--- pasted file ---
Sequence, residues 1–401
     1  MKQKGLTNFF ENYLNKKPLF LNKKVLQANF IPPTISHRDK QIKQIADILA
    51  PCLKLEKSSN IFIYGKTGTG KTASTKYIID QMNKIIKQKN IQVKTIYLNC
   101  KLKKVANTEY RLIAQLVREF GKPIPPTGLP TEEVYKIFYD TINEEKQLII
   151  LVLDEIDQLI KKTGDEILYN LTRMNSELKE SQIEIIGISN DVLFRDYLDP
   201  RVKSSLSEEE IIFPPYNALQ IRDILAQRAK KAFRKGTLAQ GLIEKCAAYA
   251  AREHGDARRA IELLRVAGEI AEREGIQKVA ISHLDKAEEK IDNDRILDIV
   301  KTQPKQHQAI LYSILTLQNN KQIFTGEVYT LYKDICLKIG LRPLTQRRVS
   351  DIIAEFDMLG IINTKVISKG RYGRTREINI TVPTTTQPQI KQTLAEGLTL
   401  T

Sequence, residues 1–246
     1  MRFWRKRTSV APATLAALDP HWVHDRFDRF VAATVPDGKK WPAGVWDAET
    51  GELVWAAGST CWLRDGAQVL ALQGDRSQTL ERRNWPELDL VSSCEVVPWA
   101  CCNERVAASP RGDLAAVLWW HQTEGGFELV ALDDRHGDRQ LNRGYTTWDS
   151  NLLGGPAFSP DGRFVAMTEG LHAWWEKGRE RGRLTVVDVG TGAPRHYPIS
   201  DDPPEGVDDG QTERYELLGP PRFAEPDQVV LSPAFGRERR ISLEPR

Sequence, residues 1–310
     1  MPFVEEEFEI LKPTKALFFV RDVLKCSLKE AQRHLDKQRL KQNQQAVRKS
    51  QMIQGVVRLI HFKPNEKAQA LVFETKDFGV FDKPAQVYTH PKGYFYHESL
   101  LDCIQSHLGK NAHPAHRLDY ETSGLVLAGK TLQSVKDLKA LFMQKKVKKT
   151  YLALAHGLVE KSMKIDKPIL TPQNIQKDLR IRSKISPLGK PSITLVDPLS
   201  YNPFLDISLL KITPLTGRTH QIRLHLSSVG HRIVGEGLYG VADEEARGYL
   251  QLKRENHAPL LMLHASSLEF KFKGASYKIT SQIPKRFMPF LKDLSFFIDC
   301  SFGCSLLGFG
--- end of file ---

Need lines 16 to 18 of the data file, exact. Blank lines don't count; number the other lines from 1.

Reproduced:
   201  DDPPEGVDDG QTERYELLGP PRFAEPDQVV LSPAFGRERR ISLEPR

Sequence, residues 1–310
     1  MPFVEEEFEI LKPTKALFFV RDVLKCSLKE AQRHLDKQRL KQNQQAVRKS